For now I wanted to put something up responding to two of the really interesting questions that I remembered from the Q&A session with Dr. Griffith at the Calvin Conference this past weekend. First, one person asked a question relating to Calvin's millennial views (and eschatological views more broadly). Dr. Griffith pointed out that this really was not a topic during Calvin's time as it is now. Carrying this a bit farther we should emphasize that the American and English focus on millennial viewpoints is rather unique. Well through the second half of the 20th century this simply was not a question for Reformed believers on the continent. Even today it is simply assumed that Dutch, German, and French Reformed believers have an amillennial viewpoint (though it is not usually called that since there isn't much of an opposing view that they need to argue against) unless they go out of their way to distance themselves from that perspective.
Instead the millennial debate really began with the work of Joseph Mede (an early 17th century professor of divinity at Cambridge). Mede advocated a literal thousand year reign of Christ that would proceed the second coming. Without going into the details of his eschatology this was the first serious articulation of historic premillennialism (very different from dispensational premillennialism as we find in the Left Behind novels) that was later picked up by students of Mede and also by men like Jonathan Edwards. Many of the Westminster divines were historic premillennialists (the rest were amillennialists with a few exceptions). Postmillennialism, in its present form, did not really appear in any real strength until the 20th century in America (though there are some figures who at least appear to advocate eschatological views similar to modern postmillennialism they are not identical) as closely tied to the theonomy movement.
This helps to emphasize the danger of different millennial viewpoints trying to claim Calvin as teaching a particular option in the above debate. This simply was not a question for Calvin (nor for his students and successors such as Theodore Beza and Francis Turretin). Similarly it was not a question for Herman Bavinck at the beginning of the 20th century. So Calvin did not write in language that was sensitive to this debate and did not temper his statements to acknowledge these different views. We can make some educated assumptions about where he may have landed based on other things he taught about eschatology but we cannot ascribe a definite position to him. For more on this general topic however I would recommend going over to the Reformed Forum and searching for "Jeff Jue." They conducted a discussion forum with Dr. Jue (church history at WTS) on the eschatological views of the Westminster Assembly. It's a little over an hour long but very good and informative. Dr. Jue's dissertation is available on google books but it is a dissertation and so is tough reading since it is written at a high academic level.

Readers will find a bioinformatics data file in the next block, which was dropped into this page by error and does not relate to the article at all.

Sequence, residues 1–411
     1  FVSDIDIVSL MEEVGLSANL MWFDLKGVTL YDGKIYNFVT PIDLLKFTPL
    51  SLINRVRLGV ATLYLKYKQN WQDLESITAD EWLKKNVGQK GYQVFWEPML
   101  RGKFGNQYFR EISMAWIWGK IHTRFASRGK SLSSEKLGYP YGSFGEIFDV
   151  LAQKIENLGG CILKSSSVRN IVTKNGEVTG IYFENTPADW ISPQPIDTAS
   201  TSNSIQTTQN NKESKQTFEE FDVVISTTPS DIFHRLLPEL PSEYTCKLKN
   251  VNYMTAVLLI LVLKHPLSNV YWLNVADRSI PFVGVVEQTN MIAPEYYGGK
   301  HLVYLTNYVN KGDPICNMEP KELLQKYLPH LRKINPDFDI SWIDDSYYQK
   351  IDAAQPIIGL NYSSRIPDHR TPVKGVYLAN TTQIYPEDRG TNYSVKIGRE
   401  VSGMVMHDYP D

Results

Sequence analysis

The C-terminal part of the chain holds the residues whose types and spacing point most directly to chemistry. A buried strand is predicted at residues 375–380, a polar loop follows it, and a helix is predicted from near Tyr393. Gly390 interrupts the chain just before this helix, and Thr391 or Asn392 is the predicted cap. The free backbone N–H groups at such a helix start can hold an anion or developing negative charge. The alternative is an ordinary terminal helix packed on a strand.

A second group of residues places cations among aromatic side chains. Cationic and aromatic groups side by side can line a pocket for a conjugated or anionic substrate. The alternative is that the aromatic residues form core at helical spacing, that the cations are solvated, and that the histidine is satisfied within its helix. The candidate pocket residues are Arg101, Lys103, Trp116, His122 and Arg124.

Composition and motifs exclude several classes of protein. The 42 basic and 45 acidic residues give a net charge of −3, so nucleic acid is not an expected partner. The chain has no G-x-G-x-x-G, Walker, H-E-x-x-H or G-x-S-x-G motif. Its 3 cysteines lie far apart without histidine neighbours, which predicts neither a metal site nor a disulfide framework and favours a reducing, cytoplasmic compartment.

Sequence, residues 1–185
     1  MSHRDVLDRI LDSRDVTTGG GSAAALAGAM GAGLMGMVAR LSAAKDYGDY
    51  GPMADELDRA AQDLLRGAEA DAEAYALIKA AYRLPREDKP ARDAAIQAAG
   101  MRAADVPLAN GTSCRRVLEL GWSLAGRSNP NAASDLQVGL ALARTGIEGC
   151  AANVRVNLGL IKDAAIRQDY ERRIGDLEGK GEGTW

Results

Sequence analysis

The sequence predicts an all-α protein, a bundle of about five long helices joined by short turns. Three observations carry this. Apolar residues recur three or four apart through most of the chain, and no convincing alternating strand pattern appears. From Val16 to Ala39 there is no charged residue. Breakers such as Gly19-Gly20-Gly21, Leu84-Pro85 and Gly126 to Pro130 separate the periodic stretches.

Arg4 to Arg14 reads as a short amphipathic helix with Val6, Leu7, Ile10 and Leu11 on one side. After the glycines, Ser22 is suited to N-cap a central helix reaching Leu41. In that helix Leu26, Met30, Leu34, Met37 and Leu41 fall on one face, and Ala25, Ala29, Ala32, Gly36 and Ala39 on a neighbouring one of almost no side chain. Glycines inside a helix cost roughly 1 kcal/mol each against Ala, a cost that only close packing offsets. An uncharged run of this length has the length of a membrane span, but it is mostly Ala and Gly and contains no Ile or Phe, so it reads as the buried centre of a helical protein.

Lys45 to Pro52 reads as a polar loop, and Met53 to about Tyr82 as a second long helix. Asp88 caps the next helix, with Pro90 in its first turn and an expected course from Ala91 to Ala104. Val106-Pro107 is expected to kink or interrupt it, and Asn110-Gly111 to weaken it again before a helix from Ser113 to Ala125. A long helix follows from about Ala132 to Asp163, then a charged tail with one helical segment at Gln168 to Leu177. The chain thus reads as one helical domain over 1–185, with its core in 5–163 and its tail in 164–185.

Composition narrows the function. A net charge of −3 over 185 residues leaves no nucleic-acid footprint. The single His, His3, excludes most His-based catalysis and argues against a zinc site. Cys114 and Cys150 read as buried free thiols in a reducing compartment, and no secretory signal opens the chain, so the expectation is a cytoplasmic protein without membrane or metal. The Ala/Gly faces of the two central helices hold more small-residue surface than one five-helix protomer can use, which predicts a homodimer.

The other question that struck me was closely related as it asked what the relationship was between Calvin and Calvinism. I thought that Dr. Griffith's answer was very helpful in saying that there are certain aspects of Calvinism (or more broadly the Reformed faith) that are not clearly articulated in Calvin though his name is on them. Still this reflects the development of theology and new debates that have arisen since then. Much of this is related to the claims of Karl Barth, Emil Brunner, and the other neo-orthodox (also known as dialectic) theologians who tried to drive a dividing wedge between Calvin and the Protestant/Reformed Scholastics on the issues of predestination and definite atonement. For anyone who was curious I wanted to link to a few books that are focused on this exact topic:
- Christ and the Decree: Christology and Predestination in Reformed Theology from Calvin to Perkins by Richard Muller - Much of Richard Muller's work has been specifically directed to answer this charge that there is a vast gulf between Luther, Zwingli, Bullinger, and especially Calvin and the Scholastics who followed like Theodore Beza, Peter de Vermigli, Francis Turretin, and others. This book is focused on those issues brought up by neo-orthodoxy. This is a very educational book on Predestination and Christology and I think that you would find it very helpful even if you aren't wondering about the relationship of Calvin and Calvinism.
- Post-Reformation Reformed Dogmatics by Richard Muller - This is far deeper and more comprehensive than most people need to go on this subject but since it is a $200 set available for $80 I wanted to make people aware of it. Muller contends that 16th and 17th century Reformed thought is badly misrepresented in the church and so he presents the writings and teachings of the Scholastics on a number of topics but centrally theological prolegomena (first things), Scripture, theology proper, and the Trinity.
- Protestant Scholasticism: Essay in Reassessment edited by Carl Trueman and Scott Clark - This is an anthology of essays all focused on the topic of Calvin and the Calvinists. A good book but written on an academic level where I think that the first book on this list will be more helpful.